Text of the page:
A survey of Basic Labour Rights among Migrants Working in Thailand’s Fishing Sector.
By CSO Coalition for Ethical and Sustainable Seafood in Thailand
About the CSO Coalition
The Civil Society Organisation Coalition for Ethical and Sustainable Seafood (“CSO Coalition”) was established in 2016. It consists of national and international CSOs working to address human rights and environmental issues in the Thai seafood sector. The CSO Coalition aims to promote and empower national CSOs in Thailand to build their organisational capacities (staff, research and public advocacy capabilities) and to hold the government and private sector to account for enforcing changes made to the legal and regulatory frameworks that govern the seafood sector. The CSO Coalition focuses on coordinating data, information and networks from each member organisation to help strategise around advocacy and produce policy-oriented, evidence-based recommendations aimed at the Thai government and the private sector.
Coalition’s mission is to:
- Eradicate modern-day slavery and Illegal, Unregulated
and Unreported Fishing (IUU) from Thai seafood
- Promote sustainable fishing in Thai waters.
Current national members of the CSO Coalition include:
- Labour Rights Promotion Network (LPN)
- Stella Maris Seafarers’ Centre
- Migrant Workers Rights Network (MWRN)
- Foundation for Education and Development (FED)
- Human Rights and Development Foundation (HRDF)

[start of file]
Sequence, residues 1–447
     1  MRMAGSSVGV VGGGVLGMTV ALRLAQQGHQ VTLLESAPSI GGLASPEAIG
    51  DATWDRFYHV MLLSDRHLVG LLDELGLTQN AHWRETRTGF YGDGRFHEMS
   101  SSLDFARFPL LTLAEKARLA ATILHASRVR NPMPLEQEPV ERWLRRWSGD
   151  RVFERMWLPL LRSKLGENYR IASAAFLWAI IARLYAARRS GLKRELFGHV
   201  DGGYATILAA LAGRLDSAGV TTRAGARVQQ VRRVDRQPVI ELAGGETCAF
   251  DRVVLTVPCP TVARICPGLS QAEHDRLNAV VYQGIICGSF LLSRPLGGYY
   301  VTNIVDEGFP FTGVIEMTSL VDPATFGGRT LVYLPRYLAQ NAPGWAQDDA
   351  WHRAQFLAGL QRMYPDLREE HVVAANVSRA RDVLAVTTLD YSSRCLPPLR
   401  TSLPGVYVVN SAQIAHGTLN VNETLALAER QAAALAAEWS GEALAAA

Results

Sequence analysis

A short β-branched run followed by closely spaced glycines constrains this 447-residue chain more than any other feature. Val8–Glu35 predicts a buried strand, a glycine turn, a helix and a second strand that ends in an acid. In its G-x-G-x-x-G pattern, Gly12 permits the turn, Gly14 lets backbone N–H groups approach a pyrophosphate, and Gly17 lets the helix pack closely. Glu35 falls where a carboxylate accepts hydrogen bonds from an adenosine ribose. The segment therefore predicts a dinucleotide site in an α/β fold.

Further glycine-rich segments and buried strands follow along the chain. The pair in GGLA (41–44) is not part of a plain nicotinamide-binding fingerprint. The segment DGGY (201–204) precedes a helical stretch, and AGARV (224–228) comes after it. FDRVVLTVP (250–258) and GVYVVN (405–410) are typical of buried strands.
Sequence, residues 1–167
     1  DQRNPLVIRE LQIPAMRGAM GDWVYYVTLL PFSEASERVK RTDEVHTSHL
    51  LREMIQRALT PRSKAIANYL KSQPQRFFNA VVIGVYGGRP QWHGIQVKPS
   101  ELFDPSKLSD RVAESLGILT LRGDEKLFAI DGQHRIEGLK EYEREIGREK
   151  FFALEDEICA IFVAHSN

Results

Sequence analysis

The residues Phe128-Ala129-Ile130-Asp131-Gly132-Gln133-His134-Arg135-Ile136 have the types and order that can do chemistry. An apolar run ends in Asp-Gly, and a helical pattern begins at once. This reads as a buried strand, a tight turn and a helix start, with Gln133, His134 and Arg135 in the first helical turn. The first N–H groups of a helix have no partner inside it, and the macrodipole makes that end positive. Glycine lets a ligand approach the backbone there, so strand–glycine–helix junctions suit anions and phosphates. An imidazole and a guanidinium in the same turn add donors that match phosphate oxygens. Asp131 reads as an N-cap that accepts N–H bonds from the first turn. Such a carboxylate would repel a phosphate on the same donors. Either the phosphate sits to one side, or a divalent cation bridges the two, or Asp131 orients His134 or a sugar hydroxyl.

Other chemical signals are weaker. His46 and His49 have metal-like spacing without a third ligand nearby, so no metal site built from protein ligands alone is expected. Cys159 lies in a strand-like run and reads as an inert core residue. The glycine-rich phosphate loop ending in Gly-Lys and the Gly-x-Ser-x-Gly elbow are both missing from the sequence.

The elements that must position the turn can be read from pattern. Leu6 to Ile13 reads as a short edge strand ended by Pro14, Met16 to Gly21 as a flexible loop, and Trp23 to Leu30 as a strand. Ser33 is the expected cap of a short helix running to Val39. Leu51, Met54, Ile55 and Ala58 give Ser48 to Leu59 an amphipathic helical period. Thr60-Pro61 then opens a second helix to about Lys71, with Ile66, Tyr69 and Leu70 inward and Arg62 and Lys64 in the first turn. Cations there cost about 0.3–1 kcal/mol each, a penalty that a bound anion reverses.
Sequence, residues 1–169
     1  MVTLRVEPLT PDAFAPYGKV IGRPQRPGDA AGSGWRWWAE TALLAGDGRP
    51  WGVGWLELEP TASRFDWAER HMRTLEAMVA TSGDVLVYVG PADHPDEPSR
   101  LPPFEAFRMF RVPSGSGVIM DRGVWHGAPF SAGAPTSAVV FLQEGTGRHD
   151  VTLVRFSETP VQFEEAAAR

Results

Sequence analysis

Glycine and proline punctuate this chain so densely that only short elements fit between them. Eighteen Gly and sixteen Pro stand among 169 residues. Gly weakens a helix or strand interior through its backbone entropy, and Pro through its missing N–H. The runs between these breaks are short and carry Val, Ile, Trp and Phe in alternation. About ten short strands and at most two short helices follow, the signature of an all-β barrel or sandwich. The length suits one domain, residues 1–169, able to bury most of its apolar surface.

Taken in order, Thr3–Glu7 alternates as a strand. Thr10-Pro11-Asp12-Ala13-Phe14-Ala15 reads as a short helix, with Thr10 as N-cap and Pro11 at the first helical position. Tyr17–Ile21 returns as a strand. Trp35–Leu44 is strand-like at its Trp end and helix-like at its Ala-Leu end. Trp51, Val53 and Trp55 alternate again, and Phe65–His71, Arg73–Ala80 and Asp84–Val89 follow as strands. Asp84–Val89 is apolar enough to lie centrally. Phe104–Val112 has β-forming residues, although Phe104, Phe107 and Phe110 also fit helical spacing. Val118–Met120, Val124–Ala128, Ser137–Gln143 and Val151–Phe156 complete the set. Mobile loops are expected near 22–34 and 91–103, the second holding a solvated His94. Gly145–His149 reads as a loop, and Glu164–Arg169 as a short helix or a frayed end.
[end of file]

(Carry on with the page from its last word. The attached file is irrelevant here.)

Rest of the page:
- Raks Thai Foundation
- Thai Sea Watch Association (TSWA)
- Association of Thai Fisherfolks Federation (ATFF)
- Andaman Foundation
- Sustainable Development Foundation (SDF)
Thailand’s fishing industry has been subject to mounting scrutiny in recent years. Concerns highlighted by a diverse range of governmental, non-governmental and industry stakeholders have focused on issues of Illegal, Unreported and Unregulated (IUU) fishing and human rights abuses, including forced labour and trafficking in persons, especially of migrants from neighbouring countries working in the sector.
The Thai seafood sector provides employment to over 600,000 people – about half of whom are migrant workers. Migrants, predominantly from Myanmar and Cambodia, are employed throughout the Thai seafood supply chain: on fishing boats, in ports and processing facilities, on farms, and in a range of ancillary industries. Seafood is widely consumed domestically, and Thailand is a major global exporter of fish and seafood products. In 2017, the country exported 1.1 million metric tonnes of seafood worth USD 5.9 billion to world markets, making up 2.5 percent of the total value of Thailand’s exports that year.
In recent years, and partly in response to international concerns, the Royal Thai Government has undertaken extensive reform of the fishing sector: issuing laws and regulations, establishing new inspection frameworks and reducing the number of undocumented migrant workers in the sector, among other measures. Partner organisations from the CSO Coalition have been on the frontline of implementation efforts. This has allowed the CSO Coalition to monitor their impact on migrant workers from communities across Thailand.